Wound managment

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Wound managment

  1. 1. What’s New and Innovative in WoundManagement: Problems and SolutionsChristine L. Theoret, DMV, PhDYou can positively influence repair by selecting appropriate wound-management techniques, but first,you must understand the basic mechanisms underlying repair to better judge the validity of availabletherapies. Author’s address: De´partement de Biome´decine Ve´te´rinaire, Faculte´ de Me´decine Ve´t-e´rinaire, Universite´ de Montre´al, C.P. 5000 St-Hyacinthe, Que´bec J2S 7C6, Canada;e-mail: christine.theoret@umontreal.ca. © 2006 AAEP.1. IntroductionTraumatic wounds are challenging and often laborintensive for both horse owners and equine practi-tioners. A retrospective study of horses with trau-matic wounds recently determined that primaryclosure was successful in only 24% of horses in whichit was attempted.1To compound the problem, repairof wounds by second intention is subject to numerouscomplications that compromise outcome in the horse,including chronic inflammation, poor contraction, de-velopment of exuberant granulation tissue (proudflesh), and slow epithelialization.Wound repair begins the moment a cellular bar-rier is broken and follows a predictable pattern ofsynchronized and interrelated phases including theinflammatory phase, the proliferative phase, andthe remodeling phase (Fig. 1).2The estimated market share of wound-care prod-ucts for humans was over $3,000,000,000 in 2005.3This reflects the number of available products, manyof which are exempted from stringent FDA testingas a result of their topical (as opposed to systemic)use. Although it is imperative that novel alterna-tives in wound management be offered to equinepractitioners faced with this daily task, many com-mercially available products have not been rigor-ously evaluated and rely heavily on anecdotalevidence. Furthermore, one must bear in mindthat because of the unique nature of wound repair inthe limbs of horses, therapies beneficial to otherspecies may not apply to the horse. The purpose ofthis in-depth review is to reflect on the new conceptsand materials that have arisen from recent investi-gations into the physiology of wound repair in thisspecies.2. Therapy During the Inflammatory PhaseThis is the phase during which the practitioner canexert the greatest influence. Inflammation is es-sential to protect against infection as well as toinitiate the repair process. Through release of mul-tiple cytokines and growth factors, the macrophageis attributed a key role in the transition betweeninflammation and repair. Paradoxically, excessiveor prolonged inflammation may contribute to thepathogenesis of a number of diseases characterizedby fibrosis and/or scarring (for example, the devel-opment of exuberant granulation tissue on the distalaspect of the limb of the horse). It has been shownAAEP PROCEEDINGS ր Vol. 52 ր 2006 265IN-DEPTH: CURRENT CONCEPTS IN WOUND MANAGEMENTNOTES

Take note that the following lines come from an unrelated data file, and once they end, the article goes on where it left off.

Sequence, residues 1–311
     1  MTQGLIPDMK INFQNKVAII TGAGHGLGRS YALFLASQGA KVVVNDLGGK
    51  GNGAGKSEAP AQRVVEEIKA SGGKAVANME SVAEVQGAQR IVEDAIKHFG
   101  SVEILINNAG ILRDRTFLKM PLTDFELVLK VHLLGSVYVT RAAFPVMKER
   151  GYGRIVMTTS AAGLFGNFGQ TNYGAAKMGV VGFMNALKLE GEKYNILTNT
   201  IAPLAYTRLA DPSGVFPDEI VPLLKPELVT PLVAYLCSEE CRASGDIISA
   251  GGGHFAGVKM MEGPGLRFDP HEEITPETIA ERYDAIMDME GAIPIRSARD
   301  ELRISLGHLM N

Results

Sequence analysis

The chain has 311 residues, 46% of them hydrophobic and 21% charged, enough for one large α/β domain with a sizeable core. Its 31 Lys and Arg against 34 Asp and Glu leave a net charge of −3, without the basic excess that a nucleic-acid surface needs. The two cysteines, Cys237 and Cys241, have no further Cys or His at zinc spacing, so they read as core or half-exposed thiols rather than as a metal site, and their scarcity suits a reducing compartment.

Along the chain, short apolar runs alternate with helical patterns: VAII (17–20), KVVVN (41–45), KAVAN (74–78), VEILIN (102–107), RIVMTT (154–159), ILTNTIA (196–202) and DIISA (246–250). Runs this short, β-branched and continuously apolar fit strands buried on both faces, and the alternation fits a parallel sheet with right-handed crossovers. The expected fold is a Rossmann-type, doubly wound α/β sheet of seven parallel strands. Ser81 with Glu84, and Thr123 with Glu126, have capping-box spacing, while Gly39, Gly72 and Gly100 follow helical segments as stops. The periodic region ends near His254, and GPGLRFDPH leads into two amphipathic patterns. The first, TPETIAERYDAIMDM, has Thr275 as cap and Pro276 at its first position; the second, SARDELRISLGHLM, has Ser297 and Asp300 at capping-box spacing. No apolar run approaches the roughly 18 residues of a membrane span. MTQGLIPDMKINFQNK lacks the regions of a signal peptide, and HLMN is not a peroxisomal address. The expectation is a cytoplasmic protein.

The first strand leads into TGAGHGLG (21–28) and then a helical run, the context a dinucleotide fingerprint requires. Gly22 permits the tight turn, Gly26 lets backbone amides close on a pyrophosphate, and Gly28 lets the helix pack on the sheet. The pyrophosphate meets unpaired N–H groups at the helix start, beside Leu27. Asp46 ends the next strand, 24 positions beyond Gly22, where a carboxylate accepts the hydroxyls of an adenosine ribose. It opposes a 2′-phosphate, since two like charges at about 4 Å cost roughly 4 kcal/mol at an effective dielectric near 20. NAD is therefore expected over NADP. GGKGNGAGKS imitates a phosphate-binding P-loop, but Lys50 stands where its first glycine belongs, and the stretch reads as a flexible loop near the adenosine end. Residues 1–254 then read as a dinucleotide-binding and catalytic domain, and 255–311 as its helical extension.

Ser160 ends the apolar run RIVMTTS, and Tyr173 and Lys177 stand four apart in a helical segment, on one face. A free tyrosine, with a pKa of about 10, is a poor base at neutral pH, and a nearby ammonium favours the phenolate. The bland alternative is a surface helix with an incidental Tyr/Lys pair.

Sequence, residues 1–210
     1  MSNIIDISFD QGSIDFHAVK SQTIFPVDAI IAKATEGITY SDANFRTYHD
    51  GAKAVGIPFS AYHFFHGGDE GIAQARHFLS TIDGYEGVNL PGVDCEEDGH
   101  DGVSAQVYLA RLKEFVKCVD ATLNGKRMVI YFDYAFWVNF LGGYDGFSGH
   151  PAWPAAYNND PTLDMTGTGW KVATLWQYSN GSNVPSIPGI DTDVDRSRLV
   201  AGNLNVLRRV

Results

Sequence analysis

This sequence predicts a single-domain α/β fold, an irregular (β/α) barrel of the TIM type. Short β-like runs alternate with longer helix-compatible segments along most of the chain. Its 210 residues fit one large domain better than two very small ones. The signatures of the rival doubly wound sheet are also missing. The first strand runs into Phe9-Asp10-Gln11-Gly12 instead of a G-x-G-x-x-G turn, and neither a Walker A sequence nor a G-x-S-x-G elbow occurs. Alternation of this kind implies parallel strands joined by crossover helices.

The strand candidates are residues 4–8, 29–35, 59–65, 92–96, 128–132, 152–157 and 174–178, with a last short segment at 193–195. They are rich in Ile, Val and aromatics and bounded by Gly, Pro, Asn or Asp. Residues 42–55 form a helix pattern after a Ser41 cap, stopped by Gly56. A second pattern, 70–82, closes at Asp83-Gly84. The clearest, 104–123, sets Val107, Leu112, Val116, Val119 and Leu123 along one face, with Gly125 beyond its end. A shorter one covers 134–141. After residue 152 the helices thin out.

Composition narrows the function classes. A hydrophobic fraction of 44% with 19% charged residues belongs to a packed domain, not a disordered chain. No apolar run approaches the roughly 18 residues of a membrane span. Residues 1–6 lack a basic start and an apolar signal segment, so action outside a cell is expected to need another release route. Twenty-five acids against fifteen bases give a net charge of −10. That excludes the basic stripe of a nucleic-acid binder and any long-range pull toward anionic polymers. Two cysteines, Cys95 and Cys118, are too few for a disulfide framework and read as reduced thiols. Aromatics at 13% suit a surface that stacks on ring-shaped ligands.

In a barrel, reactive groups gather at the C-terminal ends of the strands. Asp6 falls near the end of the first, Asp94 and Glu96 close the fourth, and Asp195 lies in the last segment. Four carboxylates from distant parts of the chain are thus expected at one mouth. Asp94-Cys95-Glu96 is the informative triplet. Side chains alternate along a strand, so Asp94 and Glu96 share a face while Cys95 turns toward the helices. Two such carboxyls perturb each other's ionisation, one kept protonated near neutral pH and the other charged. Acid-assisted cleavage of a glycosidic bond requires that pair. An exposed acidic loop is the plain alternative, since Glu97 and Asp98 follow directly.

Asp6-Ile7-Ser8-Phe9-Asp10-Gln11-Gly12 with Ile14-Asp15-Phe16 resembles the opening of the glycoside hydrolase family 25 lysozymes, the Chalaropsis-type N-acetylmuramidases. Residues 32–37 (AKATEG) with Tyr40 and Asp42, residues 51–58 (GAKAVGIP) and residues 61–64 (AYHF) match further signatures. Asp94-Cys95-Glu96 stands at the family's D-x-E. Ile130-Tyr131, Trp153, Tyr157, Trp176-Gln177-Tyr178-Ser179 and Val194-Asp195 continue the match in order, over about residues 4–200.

2. 2. experimentally that inflammation in horses is weakbut protracted4and that horse leukocytes producefewer reactive oxygen species essential to bacterialkilling.5They also produce lower levels of othermediators required to reinforce the inflammatoryresponse and to induce tissue formation and woundcontraction.5In view of these facts, it may be wiseto facilitate a strong, early inflammatory response toinjury.Debridement is an important step in the initialtreatment of a wound, particularly when necrosis,exposed cortical bone, or frayed tendons are present;it can be achieved through surgical, enzymatic,wound dressing, laser, and biosurgical means. De-bridement of non-viable tissue reduces the duration ofthe inflammatory phase. After thorough debride-ment, it is advisable to dress the wound briefly in aneffort to accelerate biological processes. Bandagingcan be combined with topical therapy to enhance theinflammatory response.Wilmink et al.6recently investigated the use of aprotein-free dialysate of calf bloodain deep woundsof horses. In the first 4 wk after injury, Solcoserylstimulated repair by provoking greater inflammatoryresponse, faster contraction, and faster formation ofgranulation tissue. Subsequently, it inhibited repairby delaying epithelialization and prolonging inflam-mation. The author recommends its use in the treat-ment of deep wounds during the initial phase of repairby second intention; treatment should cease when ep-ithelialization predominates.Dart et al.7examined the efficacy of a hydrogelbonsecond intention wound healing in horses. Hydro-gels are made from materials such as gelatin orpolysaccharide that are cross-linked with a polymerto form a sheet or gel. By enhancing the moisturecontent of necrotic tissue and increasing collagenaseproduction within the wound, hydrogels facilitateautolytic debridement. Contrary to expectations,the hydrogel investigated in this study did not pro-duce beneficial effects on healing of small full-thick-ness skin wounds on the limb of horses. A b,1–4acetylated mannan,ccommercially available as a hy-drogel, is likewise touted to enhance macrophageactivity; it seems beneficial in the management ofdog foot-pad wounds8but has not been investigatedin the horse.A general strategy for improving wound repairmay be through any molecule that can recruit oractivate macrophages during the acute inflamma-tory phase. The trend of applying sugar or honey toopen wounds dates back a long time and has recentlyacquired some scientific merit.9Both products arechemoattractant for tissue macrophages and when ap-plied to contaminated or infected wounds, may haveantibacterial properties. Indeed, the stimulatory ef-fect of honey may be imparted through up-regulationof various inflammatory cytokines within mono-cytes.10Both sugar and honey have been shown toenhance fibroplasia as well as epithelialization. Asynthetic form of sugar, Maltodextrin N.F.,dis com-mercially available. On application, Intracell worksby mixing with wound exudate to form a semi-perme-able barrier, and thus, it maintains moisture whileprotecting the wound from environmental contami-nants. Furthermore, it attracts endothelial cells, fi-broblasts, and epithelial cells to minimize scarring andreduce the incidence of proud flesh. Although anec-dotal evidence is encouraging, no scientific studieshave been conducted to evaluate the efficacy of naturalor synthetic sugar in the management of horsewounds.Ketanserin,ea serotonin receptor, is the activeingredient in Vulketan gel. Macrophage activationmay be suppressed by serotonin present in the earlyinflammatory phase; ketanserin antagonizes this se-rotonin-induced suppression and thus, allows astrong and effective inflammatory response to occurwithin wounds. This should translate into a supe-rior control of infection and a better orchestration ofFig. 1. Phases of wound repair.266 2006 ր Vol. 52 ր AAEP PROCEEDINGSIN-DEPTH: CURRENT CONCEPTS IN WOUND MANAGEMENT